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Kansas Telemedicine Abortions Not Aborted Just Yet
Actual good news about abortions! In Kansas! For now, anyway!
Kansas is in a strange place when it comes to abortion. It's by far one of the most restrictive states, and yet the state Supreme Court found in 2019 that the state constitution guarantees the right to abortion. It only has four clinics, but those four clinics have long been a beacon of abortion access in that part of the Midwest. At the beginning of the pandemic, when Texas and Oklahoma barred all surgical procedures, including abortion, pregnant people flocked to those four Kansas abortion clinics in droves. In 2018, the state passed a ban on telemedicine abortions, and ever since then, state courts have been going back and forth on whether or not they can actually do that.
Judge Teresa Watson ruled in 2019 that they could, and denied a request for an injunction against the law from the Trust Women clinic. However, the Kansas Court of Appeals has now overruled Judge Watson's decision:
The majority opinion concluded the lower court "diverged from well-established Kansas caselaw" and abused its discretion with legal and factual errors. Watson also made an "arbitrary and unreasonable" decision to ignore an order in a separate case that dealt with the same issue.
The case was remanded back to the district court to come to a new decision on an injunction that corrects the previous flaws. [...]
The appellate court also reinstated Board of Healing Arts leadership as defendants in the case.
The lower court had dismissed them because the clinic is licensed by the Kansas Department of Health and Environment, not the board, despite the fact the board licenses doctors and could take disciplinary action against the licenses of the clinic's physicians.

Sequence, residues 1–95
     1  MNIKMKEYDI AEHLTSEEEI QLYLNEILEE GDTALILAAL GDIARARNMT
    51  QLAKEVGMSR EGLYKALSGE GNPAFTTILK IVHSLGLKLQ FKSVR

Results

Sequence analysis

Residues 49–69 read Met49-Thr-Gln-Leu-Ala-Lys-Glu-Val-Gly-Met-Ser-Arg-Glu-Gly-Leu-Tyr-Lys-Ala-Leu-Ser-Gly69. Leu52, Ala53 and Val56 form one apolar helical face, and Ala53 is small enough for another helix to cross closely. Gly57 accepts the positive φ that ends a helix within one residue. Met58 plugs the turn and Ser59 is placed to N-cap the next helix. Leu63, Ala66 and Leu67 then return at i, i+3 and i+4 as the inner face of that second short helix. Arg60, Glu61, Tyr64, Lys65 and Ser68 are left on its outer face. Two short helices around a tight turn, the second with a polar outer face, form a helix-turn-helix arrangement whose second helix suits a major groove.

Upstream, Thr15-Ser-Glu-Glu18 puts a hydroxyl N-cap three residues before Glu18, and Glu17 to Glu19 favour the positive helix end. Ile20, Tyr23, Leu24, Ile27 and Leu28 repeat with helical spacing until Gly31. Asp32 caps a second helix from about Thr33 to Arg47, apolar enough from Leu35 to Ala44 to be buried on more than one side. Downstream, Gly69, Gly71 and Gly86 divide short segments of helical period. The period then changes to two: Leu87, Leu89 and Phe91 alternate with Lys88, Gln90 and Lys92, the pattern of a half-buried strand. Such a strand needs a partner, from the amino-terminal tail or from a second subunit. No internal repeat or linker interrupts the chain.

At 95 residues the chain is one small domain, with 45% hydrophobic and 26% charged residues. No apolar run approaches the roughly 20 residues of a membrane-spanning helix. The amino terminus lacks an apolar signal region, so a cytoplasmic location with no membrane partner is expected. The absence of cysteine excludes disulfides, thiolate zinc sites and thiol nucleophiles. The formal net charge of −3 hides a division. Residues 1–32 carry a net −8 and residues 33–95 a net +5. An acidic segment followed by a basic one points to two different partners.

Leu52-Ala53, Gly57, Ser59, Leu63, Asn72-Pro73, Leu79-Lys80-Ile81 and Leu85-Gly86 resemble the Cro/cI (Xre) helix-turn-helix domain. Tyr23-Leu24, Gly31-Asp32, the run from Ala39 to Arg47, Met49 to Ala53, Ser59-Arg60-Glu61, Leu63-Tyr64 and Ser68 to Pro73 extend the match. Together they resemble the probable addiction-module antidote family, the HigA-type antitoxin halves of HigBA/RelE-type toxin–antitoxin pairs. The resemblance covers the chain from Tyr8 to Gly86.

Alas, while this is good news for now, even if the injunction against the law is granted, it is possible that it won't matter after August, when Kansans will vote on a "constitutional amendment that adds language to the state constitution stating that the document does not provide a right to an abortion," which would then allow the legislature to enact more restrictions or even ban the procedure.
While it may seem inevitable, because it's Kansas, it turns out the majority of Kansans don't actually want to ban abortion. In a recent poll, 50 percent of Kansans said they didn't want the government making any restrictions on abortion, while 60 percent "said they disagreed or strongly disagreed with the idea of banning abortion in all cases, even those involving rape or incest. And 40 percent said they felt conflicted about abortion more broadly, seeing merits in arguments from both sides of the issue."
So it's not exactly a done deal, which is great considering that people from surrounding states are very likely going to have to rely on Kansas and its four abortion clinics in order to avoid being forced to have a baby they don't want. Fingers crossed that voters and the next judge hearing this case are both as reasonable as the Kansas Court of Appeals has been.
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